|By SHELLY STRAUTZ-SPRINGBORN
LANSING, Mich. — Michigan cattle producers are moving closer to meeting the state’s March 1, 2007, deadline to implement a statewide electronic animal identification system.
The Michigan Agriculture Commission earlier this year approved a mandate that will require the radio frequency identification (RFID) tags by next spring. After the deadline any untagged cattle will be turned away from sale barns and slaughterhouses.
Seventeen producers attended a meeting in St. Johns last week to learn about the requirement. It was one of 11 informational meetings being conducted throughout Michigan this month by the Michigan Holstein Assoc. and the Michigan State University Extension.
Kevin Kirk, special assistant to the animal industry with the Michigan Department of Agriculture (MDA), discussed the reasons for the mandate, showed a sample of the tags and where they should be placed in an animal’s ear and answered questions from producers.
“Most importantly is animal tracking,” Kirk told the farmers. “The department of agriculture’s No. 1 issue is food safety.
“If it’s in the computer we can track an animal to its origin in 15 minutes. The old way would take two weeks to months.”
Kirk said a driving force is Michigan’s bovine tuberculosis (TB) status. The action is expected to help move the state toward TB-free status by providing an accurate method of tracking animal movement.
Currently all animals moving into or out of the TB modified accredited area in Michigan’s upper portion of the Lower Peninsula already must be TB tested and tagged with electronic ear tags.
Since its TB outbreak a few years ago, industry officials have estimated that Michigan cattle producers have lost $2-$3 billion in annual sales to Japan.
“Any way we can get back into that Japanese market would be kind of exciting,” Kirk said.
“Japan and other overseas markets are going to demand traceability,” said Kevin Gould, MSU Ionia County Extension Livestock educator. “If Michigan is on the forefront of that technology our producers will hopefully realize the benefits.
“Consumers are really the ones who are going to dictate this.”
Kirk said electronic tag readers have been installed in 11 of the state’s 14 cattle auction sites and the state has been tracking cattle movement data collected from those sites. The markets will not be responsible for tagging animals upon arrival.
“The markets have made it clear that they don’t want to be the tagging agency in the state,” Kirk said. “Always keep some tags in the glove box (or your vehicle). You’ll eventually show up some place without a tag.”
Penalties for non-compliance could amount to citations with fines up to $1,000. “We don’t want to have to send anybody home from market,” Kirk said.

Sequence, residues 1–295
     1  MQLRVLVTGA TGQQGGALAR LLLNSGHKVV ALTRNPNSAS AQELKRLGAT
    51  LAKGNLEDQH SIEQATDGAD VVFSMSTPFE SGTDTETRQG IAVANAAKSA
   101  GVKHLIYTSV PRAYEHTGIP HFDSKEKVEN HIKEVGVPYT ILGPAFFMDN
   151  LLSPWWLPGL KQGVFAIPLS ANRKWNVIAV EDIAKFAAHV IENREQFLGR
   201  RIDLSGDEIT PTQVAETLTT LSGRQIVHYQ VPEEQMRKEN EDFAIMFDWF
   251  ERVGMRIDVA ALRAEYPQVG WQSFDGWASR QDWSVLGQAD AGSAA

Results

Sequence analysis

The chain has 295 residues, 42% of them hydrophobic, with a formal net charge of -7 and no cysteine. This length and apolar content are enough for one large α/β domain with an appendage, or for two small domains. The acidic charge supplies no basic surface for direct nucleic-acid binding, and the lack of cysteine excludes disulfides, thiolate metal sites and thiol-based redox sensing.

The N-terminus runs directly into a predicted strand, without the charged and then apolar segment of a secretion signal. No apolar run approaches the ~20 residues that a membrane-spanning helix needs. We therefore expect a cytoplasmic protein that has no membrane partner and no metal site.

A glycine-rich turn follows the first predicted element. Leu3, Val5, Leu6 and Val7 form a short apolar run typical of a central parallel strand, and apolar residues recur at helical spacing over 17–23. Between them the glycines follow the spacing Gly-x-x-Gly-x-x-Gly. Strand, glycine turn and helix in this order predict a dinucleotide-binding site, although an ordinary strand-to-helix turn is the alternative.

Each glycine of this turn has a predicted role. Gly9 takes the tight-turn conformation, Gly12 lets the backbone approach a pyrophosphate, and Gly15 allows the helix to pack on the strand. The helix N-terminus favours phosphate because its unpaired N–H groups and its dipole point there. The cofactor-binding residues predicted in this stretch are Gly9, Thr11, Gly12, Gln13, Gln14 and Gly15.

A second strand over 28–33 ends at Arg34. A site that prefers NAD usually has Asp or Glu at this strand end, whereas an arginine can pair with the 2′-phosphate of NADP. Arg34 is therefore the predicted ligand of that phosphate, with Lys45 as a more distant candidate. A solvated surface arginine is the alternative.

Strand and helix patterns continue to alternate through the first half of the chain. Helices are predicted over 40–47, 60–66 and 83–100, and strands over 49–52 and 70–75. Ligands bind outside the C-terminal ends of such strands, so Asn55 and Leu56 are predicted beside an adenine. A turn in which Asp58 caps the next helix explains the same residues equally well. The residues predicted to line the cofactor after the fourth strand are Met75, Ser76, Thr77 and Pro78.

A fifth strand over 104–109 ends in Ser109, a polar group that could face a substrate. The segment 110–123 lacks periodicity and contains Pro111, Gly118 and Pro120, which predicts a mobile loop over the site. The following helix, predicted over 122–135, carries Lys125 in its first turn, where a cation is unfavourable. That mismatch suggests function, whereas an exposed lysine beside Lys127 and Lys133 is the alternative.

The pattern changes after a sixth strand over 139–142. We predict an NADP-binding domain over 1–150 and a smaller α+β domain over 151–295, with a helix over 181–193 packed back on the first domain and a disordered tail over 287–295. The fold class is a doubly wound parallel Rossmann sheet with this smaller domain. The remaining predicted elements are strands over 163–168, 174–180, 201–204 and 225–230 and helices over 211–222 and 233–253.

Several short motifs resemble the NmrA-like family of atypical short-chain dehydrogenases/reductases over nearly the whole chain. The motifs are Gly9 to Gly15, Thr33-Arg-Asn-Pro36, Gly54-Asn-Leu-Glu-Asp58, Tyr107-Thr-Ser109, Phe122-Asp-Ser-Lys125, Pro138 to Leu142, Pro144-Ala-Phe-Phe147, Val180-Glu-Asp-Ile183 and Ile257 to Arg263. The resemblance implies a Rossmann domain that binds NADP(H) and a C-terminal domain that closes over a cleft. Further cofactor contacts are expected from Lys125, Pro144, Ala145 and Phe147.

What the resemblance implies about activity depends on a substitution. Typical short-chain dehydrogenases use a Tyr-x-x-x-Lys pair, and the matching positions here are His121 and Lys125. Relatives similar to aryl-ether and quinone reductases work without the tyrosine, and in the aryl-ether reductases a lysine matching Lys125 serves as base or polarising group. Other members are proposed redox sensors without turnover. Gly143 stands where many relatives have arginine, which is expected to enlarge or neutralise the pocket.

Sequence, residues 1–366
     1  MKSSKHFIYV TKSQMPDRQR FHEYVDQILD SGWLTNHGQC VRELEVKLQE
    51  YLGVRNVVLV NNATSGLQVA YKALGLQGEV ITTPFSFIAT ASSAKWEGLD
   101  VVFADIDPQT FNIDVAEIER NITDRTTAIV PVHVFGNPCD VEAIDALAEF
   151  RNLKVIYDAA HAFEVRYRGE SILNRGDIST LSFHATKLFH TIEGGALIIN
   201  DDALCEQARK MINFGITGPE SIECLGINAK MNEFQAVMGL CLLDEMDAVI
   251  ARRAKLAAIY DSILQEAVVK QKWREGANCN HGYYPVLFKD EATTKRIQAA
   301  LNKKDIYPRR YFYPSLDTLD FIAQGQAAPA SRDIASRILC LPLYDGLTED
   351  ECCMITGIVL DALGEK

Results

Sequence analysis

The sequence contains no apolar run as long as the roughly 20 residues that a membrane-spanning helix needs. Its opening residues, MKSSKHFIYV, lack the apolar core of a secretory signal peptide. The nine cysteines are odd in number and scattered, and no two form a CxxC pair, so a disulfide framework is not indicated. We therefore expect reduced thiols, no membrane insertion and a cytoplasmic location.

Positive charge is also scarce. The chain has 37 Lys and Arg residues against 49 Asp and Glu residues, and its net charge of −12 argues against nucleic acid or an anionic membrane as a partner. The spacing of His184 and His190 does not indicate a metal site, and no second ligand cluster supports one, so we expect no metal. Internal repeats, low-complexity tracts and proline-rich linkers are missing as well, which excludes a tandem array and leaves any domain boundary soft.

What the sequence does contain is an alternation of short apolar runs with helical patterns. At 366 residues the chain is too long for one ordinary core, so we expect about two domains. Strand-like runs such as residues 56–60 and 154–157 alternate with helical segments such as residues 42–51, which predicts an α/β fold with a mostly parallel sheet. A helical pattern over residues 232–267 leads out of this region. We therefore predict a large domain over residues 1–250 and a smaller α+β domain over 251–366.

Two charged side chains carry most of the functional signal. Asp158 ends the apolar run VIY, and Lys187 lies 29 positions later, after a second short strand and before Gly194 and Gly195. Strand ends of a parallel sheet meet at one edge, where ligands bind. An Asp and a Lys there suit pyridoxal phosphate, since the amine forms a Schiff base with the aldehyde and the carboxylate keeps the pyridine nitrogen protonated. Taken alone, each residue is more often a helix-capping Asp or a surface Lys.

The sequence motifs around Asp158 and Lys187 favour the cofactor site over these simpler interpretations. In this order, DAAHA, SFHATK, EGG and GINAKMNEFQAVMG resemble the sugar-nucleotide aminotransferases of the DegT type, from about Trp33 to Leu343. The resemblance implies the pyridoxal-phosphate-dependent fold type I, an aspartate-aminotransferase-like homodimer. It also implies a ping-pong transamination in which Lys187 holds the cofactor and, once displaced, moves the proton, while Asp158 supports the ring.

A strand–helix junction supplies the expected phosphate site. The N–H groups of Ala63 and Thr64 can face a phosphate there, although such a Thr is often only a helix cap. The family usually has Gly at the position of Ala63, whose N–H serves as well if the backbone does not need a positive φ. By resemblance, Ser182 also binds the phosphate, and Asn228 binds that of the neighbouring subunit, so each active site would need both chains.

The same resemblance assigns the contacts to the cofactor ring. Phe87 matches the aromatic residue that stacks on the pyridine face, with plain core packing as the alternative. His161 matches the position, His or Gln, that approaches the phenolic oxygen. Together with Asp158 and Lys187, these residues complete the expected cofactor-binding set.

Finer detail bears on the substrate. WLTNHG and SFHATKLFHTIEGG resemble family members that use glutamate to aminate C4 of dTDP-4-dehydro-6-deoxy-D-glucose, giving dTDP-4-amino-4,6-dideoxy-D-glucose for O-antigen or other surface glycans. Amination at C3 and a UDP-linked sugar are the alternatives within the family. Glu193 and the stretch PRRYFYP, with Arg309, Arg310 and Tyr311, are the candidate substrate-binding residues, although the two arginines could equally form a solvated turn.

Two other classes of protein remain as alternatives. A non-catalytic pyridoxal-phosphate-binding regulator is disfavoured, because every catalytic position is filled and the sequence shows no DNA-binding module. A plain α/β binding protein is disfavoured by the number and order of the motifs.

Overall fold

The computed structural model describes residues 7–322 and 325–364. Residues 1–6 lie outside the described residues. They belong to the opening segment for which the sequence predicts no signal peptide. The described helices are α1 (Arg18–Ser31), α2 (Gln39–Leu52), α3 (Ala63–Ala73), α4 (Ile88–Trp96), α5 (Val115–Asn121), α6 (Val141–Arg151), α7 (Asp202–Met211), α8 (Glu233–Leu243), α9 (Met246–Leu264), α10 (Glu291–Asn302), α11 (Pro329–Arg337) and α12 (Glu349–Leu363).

The RFID tag is about the size of a quarter and is supposed to be put in the center of an animal’s left ear at the base of its head. Kirk said this location is suggested because the tag is less likely to be lost or to get infected.
He told the group that they should be tagging calves now in preparation for next spring.
“They’re a whole lot easier to tag when they’re small,” he said. “But, an animal does not have to be tagged until it leaves the farm.”
He also cautioned producers not to share tags due to the potential for disease issues being traced back to the farm number that appears on the tag.
“Don’t give any (tags) to your neighbor, nor do you want to borrow any,” Kirk said. “At this point I wouldn’t buy any cattle that were untagged.”
Meeting attendee Jim Slavik of Ashley milks about 100 Holstein cows and has a 20-head beef herd. He has been exposed to the electronic ear tags because his children show beef steers at the Michigan State Fair in Detroit.
“It’s where the country is coming to,” he said. “We need to be able to track animals a lot quicker.
“We can’t afford to lose these markets over (disease) scares.”
Ovid-area cow-calf operator Larry Gruesbeck went to the meeting to learn the basic information about the RFID requirement. “I don’t know any of the information,” he said.
Nancy Berger works for a local farm store, and she and her husband, Kenneth, also operate a cow-calf herd on their Owosso-area farm.
“I needed some basic information,” Nancy said. “I hear all kinds of weird stories and questions at the store.”
She is in favor of a more accurate statewide tracking system. “It’s too easy to mess up the food supply,” she said.
The tags cost $2 each and can be ordered by calling the Lansing Tag Line at 1-866-870-5136, the Atlanta MDA office at 1-888-565-8626.
Kirk said the MDA will issue farmers a new TB premises ID when they call to order tags. Each tag in Michigan will have a prefix of 840, which has been assigned to Michigan by the USDA.
This farm news was published in the August 23, 2006 issue of Farm World, serving Indiana, Ohio, Illinois, Kentucky, Michigan and Tennessee.